Happy, Texas is one of those good-natured comedies that takes you by surprise, and you can't help but like it. It is brimming with good performances, funny situations, and a heartwarming, often hilarious story. Everything begins when Harry Sawyer (Jeremy Northam, An Ideal Husband, The Winslow Boy) and Wayne Wayne Wayne Jr. (Steve Zahn, Forces of Nature, You've Got Mail) escape from prison. They carjack a large RV, and attempt to lay low until things calm down with the police. It turns out that the trailer they hijacked belongs to a gay couple who tours the country organizing beauty pageants. Sawyer and Wayne realize this when they reach the small town of Happy, which hired the couple to organize the Miss Freshly Squeezed Pageant. It is the perfect hiding place for them. Everyone is looking for two convicts, not two gay men.
It also helps that they are receiving a small sum of money for organizing the pageant. At the bank, Sawyer learns that a large sum of money will be coming to Happy, so he and Wayne decide to stay the week to rob the bank. In the meantime, Wayne is in charge of helping to get little girls ready for the pageant, while Sawyer cozies up to the bank manager Joe (Ally Walker, fresh from NBC's Profiler, Kazaam). Over the course of the week, Sawyer and Wayne begin to change. The small town people and lifestyle appeal to both of them, and at the same time, the effect of these two in the town brings a change in the people they encounter. Joe feels comfortable confiding in Sawyer because she thinks he is gay, while Sawyer, who wants to steal her money, finds himself increasingly attracted to her. Sheriff Chappy Dent (William H. Macy, Psycho, Mystery Men) is inspired by the presence of Sawyer and Wayne to try to sort out the issues in his life. Meanwhile, Wayne, who is not much of a sociable person, begins to care for the little girls he is coaching.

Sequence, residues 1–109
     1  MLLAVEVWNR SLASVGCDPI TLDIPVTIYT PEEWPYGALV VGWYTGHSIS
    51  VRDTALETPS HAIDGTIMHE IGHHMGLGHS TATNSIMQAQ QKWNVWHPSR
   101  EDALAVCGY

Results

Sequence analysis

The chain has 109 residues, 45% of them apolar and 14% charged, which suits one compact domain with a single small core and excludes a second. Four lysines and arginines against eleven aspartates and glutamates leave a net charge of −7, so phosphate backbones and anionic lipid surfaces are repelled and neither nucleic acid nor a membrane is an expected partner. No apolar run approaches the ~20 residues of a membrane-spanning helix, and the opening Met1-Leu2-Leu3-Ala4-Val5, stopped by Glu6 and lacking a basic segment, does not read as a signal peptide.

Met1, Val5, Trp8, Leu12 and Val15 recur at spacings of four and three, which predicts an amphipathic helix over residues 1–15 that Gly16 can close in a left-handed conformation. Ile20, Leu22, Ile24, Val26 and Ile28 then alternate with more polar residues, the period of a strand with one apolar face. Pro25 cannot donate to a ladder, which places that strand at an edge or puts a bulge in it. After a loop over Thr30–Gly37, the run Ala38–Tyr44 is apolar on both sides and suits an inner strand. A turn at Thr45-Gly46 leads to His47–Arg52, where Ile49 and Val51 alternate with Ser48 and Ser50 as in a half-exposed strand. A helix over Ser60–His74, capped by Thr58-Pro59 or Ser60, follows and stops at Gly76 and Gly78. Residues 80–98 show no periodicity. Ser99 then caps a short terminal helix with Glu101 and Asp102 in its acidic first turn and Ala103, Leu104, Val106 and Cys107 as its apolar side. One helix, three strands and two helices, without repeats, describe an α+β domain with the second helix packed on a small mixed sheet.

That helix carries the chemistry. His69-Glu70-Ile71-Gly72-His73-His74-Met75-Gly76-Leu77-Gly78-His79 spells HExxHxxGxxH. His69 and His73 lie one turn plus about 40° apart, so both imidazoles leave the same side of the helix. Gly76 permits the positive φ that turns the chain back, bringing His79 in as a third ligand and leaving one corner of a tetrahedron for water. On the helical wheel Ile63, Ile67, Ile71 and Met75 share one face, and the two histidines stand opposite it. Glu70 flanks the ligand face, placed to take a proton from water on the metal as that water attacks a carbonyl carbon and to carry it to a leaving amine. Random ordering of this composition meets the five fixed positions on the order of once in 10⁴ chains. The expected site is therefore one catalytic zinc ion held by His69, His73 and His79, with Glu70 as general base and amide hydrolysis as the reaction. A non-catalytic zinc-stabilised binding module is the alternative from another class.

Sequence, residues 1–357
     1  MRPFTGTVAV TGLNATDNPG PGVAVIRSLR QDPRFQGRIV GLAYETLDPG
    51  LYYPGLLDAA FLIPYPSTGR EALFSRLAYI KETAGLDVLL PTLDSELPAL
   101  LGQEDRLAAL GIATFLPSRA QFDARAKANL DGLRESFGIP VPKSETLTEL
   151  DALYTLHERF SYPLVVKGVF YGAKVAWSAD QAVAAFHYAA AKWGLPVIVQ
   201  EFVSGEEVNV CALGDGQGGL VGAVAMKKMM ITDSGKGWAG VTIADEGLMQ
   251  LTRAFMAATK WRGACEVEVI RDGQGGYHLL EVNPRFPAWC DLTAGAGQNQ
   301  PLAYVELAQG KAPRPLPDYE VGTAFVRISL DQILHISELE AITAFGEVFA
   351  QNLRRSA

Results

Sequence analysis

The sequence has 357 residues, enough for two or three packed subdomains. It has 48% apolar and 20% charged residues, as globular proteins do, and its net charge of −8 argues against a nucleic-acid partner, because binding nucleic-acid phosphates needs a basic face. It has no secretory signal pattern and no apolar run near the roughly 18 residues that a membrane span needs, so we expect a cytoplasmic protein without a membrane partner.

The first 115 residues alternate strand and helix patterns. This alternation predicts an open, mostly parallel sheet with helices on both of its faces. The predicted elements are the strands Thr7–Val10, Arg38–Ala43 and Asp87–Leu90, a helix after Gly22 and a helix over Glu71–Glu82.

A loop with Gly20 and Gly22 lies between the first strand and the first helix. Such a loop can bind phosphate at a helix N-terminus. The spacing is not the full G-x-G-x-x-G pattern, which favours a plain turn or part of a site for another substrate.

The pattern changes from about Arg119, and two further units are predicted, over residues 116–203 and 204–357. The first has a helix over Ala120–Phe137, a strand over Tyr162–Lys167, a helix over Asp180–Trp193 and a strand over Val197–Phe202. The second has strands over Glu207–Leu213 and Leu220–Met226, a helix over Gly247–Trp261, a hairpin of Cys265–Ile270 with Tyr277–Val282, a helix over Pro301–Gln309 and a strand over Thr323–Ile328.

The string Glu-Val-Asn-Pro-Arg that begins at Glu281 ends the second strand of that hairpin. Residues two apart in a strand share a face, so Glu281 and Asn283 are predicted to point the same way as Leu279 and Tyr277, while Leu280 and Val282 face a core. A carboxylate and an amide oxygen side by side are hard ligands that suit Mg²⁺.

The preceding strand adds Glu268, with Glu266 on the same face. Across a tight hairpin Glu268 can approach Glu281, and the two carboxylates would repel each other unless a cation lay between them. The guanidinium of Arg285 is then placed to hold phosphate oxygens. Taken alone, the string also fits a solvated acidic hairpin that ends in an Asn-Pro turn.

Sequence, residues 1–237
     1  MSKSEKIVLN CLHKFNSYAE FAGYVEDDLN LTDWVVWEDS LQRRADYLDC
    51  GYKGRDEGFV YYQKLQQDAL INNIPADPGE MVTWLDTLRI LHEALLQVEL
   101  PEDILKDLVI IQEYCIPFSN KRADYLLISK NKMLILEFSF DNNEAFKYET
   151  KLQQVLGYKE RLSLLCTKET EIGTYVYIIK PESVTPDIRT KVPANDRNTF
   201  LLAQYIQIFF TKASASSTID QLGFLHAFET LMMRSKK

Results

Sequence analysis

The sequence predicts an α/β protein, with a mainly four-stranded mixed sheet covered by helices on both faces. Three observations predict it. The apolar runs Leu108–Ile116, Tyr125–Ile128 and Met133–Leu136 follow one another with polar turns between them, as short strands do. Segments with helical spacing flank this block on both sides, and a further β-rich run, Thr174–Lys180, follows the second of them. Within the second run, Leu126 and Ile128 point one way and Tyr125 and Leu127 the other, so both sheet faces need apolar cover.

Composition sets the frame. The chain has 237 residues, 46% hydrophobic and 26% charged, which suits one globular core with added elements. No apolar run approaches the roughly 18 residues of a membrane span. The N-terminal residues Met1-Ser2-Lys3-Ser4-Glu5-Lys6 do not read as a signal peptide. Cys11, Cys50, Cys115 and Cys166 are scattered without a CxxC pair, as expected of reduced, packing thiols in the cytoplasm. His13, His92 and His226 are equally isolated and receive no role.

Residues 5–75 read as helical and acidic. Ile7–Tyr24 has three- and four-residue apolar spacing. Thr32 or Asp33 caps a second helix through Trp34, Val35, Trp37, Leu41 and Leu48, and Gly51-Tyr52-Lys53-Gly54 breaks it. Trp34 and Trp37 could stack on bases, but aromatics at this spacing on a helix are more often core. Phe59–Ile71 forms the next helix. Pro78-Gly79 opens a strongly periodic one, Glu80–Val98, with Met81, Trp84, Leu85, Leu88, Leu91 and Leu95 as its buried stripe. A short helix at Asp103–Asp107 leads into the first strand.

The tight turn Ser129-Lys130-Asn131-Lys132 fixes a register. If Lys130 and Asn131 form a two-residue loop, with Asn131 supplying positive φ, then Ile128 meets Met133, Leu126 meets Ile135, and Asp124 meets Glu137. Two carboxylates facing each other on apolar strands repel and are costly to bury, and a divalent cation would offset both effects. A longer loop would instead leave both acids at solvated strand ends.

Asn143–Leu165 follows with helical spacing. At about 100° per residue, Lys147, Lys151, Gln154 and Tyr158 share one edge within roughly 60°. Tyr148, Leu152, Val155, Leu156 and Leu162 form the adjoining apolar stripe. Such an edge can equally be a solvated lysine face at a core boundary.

The script by Ed Stone and Phil Reeves is chock full of hilarious and tender moments. The town of Happy is full of believable, ordinary people, filled with emotions and dreams. The comedy is always kind-spirited, never condescending, especially towards the gay characters. The performances are good all around, with notable performance by Macy and Zahn. Macy is a great actor, dependable in all circumstances. His Sheriff Chappy is played with a large amount of hesitancy and restraint, a result of his character's own journey into the unknown. The results of his journey are both funny and poignant. Zahn is delightful as Wayne, a man with a huge mustache and a very low I.Q. Wayne is prone to fighting, and the funniest moments in the film deal with him trying to deal with little girls. Director Mark Illsley has it easy, working with great actors and a great script, and it's a good thing he didn't mess it up.
|Haro Rates It: Pretty Good
|1 hour, 44 minutes, Rated PG-13 for language, sexual content, and some violence.
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